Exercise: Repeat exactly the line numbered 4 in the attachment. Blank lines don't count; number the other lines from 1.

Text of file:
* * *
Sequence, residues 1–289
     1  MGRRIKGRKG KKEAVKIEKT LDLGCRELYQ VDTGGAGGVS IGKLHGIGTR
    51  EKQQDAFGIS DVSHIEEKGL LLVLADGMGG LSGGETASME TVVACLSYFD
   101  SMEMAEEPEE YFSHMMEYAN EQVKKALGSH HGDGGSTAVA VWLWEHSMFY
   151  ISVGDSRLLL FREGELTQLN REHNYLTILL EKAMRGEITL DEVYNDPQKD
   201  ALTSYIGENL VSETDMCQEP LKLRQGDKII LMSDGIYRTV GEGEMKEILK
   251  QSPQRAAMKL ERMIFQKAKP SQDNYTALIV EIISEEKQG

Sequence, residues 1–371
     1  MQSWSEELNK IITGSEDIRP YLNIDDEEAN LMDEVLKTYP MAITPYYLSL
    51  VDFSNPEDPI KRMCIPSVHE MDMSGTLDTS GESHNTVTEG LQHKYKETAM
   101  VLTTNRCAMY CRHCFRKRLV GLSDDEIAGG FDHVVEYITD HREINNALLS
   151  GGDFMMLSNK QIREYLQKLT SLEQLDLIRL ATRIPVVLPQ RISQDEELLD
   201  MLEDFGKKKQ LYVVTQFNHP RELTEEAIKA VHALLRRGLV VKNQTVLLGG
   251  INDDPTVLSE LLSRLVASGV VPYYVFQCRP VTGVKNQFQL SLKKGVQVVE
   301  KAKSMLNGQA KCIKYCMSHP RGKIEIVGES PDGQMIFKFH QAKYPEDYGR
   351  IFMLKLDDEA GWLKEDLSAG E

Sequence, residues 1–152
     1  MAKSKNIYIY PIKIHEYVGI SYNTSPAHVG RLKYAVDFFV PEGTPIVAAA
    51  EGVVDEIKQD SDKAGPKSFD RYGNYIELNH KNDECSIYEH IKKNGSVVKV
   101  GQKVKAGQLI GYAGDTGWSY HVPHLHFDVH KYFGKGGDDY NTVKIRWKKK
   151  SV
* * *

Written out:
   101  SMEMAEEPEE YFSHMMEYAN EQVKKALGSH HGDGGSTAVA VWLWEHSMFY